Tilburg 2003

by MSX Resource Center on 28-04-2003, 22:00

For many years the end of april has had something special for MSX users. During this period, the time has come to celebrate the MSX system with a huge meeting where active MSX developers demonstrate and sell their latest products. In the early nineties there were massive meetings in large gymnasiums where over a 100 MSX groups would have a stand, selling many products to literally thousands of visitors. Tilburg and Zandvoort were by far the biggest MSX fairs at the time, Tilburg being slighty bigger than Zandvoort.

When the biggest official MSX Magazine in the Netherlands - MCCM - stopped in 1997 the activity of the developers dropped and less visitors started attending MSX fairs. Both big MSX fairs, Zandvoort and Tilburg, moved to different locations. The annual MSX fair in Bussum is the continuation of the Zandvoort fair while Tilburg moved to a small community centre. The major drawback was not that the fair became smaller, but that the stands were devided over several rooms and several floors. Some of the rooms were easily overlooked giving stands less attention they deserved.

However, last year the third floor remained unused and most large MSX groups had a nice stand on a special hall on the first floor (the very same room were Kazuhiko Nishi had his lecture only a year before), the MSX Resource Center was on the second floor, but had a large room on their own which allowed many visitors to drop in during the entire day. With good memories of last year and the recent Oss fair in mind (which was a lot more interesting and crowdy than expected) we set off to Tilburg in the early saturday morning.

When we arrived at the fair, we discovered that the large hall on the first floor was not in use this year, which was quite a disappointment. The rest of the first floor was mainly filled with PC activities, the HCC stand (where second hand MSX computers and monitors could be bought) and MSX-NBNO. MSX-NBNO were selling XSW magazines, manuals and software, including Imanok's most recent game: Cat'n'mouse. It was a bit a shame that MSX-NBNO were the only 'second generation'-MSX team on the first floor, because the entrance of the fair would give everyone a bad impression of what's really going on.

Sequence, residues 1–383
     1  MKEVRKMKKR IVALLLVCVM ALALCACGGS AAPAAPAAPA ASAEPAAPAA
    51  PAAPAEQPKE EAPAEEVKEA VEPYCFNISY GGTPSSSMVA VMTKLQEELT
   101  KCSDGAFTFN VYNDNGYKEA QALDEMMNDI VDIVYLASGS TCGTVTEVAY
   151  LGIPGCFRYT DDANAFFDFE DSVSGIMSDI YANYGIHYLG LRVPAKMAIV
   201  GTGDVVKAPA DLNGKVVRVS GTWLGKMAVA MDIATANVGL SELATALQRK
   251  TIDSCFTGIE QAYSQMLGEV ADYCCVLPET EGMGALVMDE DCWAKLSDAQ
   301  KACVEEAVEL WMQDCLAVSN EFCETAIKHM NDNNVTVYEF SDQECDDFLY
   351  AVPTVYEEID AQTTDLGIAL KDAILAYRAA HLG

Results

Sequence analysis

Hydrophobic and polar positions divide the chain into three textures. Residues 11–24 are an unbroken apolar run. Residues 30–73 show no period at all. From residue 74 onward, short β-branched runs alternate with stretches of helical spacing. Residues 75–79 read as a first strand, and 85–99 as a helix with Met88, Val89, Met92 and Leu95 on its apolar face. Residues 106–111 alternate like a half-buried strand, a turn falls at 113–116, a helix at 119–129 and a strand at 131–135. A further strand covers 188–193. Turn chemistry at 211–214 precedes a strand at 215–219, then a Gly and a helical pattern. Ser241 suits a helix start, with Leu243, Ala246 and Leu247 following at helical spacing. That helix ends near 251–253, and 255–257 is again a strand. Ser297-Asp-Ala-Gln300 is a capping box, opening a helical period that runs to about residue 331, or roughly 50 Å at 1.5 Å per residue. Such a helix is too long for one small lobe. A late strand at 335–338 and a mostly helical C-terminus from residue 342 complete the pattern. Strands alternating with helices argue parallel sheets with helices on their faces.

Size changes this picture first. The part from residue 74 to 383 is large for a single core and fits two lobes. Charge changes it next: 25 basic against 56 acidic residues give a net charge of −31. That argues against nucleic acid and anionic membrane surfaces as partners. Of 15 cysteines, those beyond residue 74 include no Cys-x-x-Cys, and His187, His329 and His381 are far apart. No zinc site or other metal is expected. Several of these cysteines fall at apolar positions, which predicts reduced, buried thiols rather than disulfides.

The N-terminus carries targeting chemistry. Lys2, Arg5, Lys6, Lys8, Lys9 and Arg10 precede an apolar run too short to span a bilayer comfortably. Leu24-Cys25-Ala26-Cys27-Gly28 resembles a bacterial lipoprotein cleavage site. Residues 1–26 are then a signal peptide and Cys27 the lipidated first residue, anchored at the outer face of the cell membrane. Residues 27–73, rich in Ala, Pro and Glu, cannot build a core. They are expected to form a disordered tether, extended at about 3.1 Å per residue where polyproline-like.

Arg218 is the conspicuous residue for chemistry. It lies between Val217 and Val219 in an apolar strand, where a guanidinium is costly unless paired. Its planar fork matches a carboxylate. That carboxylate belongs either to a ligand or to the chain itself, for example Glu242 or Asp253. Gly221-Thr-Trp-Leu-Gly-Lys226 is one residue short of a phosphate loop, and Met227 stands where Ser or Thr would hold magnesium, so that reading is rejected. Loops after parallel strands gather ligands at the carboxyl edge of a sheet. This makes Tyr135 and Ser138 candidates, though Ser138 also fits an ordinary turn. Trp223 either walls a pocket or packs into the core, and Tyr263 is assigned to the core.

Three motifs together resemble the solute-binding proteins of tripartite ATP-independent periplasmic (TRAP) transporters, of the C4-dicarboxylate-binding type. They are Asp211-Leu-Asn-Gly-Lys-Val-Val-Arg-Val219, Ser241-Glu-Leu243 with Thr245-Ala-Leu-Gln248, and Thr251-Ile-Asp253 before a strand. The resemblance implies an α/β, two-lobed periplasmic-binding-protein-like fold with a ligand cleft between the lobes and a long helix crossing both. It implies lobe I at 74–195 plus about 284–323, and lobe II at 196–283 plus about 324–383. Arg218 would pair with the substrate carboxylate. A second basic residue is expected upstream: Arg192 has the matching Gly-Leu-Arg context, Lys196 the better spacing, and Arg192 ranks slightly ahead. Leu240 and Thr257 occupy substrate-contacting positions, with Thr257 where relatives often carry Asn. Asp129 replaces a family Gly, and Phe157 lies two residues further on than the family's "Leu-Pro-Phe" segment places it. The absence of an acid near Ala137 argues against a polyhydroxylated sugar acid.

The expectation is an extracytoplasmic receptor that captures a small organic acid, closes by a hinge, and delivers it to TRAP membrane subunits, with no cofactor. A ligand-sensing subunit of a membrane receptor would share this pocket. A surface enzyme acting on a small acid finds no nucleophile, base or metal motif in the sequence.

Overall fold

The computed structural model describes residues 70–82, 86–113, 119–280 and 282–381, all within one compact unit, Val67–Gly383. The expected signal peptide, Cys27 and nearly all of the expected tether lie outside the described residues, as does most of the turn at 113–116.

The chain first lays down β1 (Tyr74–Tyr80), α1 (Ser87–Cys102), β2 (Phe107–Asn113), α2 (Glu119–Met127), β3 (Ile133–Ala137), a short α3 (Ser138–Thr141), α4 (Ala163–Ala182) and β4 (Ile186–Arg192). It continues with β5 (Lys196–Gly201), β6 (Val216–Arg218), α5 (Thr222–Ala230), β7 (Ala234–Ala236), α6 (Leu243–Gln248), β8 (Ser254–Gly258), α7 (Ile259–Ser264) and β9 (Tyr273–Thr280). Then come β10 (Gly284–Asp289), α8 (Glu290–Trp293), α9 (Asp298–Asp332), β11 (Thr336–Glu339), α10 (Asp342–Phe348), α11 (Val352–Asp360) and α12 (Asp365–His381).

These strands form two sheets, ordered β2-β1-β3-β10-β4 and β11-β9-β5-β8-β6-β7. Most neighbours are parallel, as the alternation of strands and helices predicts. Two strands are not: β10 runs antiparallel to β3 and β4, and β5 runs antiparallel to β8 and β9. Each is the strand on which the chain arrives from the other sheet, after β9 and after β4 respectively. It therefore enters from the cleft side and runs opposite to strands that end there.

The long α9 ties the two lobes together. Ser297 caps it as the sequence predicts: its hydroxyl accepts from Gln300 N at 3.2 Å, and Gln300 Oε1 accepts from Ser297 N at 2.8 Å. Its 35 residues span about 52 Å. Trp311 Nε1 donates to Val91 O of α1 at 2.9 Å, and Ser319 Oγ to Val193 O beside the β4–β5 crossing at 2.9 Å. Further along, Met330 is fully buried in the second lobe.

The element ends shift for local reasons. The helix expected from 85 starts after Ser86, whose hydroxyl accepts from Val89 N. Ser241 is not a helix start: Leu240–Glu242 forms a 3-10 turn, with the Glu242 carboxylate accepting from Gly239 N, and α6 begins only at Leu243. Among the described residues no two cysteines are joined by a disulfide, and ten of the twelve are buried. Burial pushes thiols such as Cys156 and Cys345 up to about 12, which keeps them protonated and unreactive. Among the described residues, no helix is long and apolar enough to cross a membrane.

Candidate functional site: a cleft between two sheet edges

We decided to head for our stand on the second floor, where another disappointment awaited us. Although we had asked for a room large and dark enough to give some interesting well-attended beamer-presentations, we were joined together with TNI and Compjoetania TNG (openMSX) in one of the smallest rooms of the fair. With no time left for arranging alternatives, we decided to set up our stand and forget about the planned lectures, despite of all the flyers we had handed out, despite of the promotion we had done on our website.

As usual, meeting all those familiar MSX friends was a very nice experience and soon we had forgotten about the organizational trouble. On our very own stand we were selling rare Japanese MSX games. Visitors could also have a look at the Japanese MSX magazines and at the MRC interview in @rroba magazine. Daniel Kim (Ginseng) had brought several slotexpanders, empty cartridges and megaRAM prints which sold very well. Especially the slotexpanders looked really good, small and solid. Michiel de Vries was demonstrating his monster-project Meridian. After creating a full-featured, blazing-fast windows-like environment for SCREEN 0 and a delta-steptime based tracker for playing and editing MIDI (or Meridian) files on the MSX using an external MIDI-module he made the best improvement he could make: he added support for the Sunrise Moonsound OPL4 wavetable sound card. Currently Meridian is capable of playing MIDI files on the OPL4 using 2-operator FM programs or PCM programs. Support for 4-operator FM programs will be built in in the near future. There are some other things that do not work on the OPL4 yet (like pitchbending), but having come this far already, we have no reason to assume this will be a real problem. Next to him was Marcel Delorme with his impressive Wave Editor. Thanks to the GFX9000 it's possible to work in a Windows-like environment without losing speed. Needless to say the program will support a file-format which can be used in Meridian as well. The lucky few who pre-ordered a Moonsound Sample CD from Wolf (Maarten van Strien) could get their copy at the MSX Resource Center stand as well.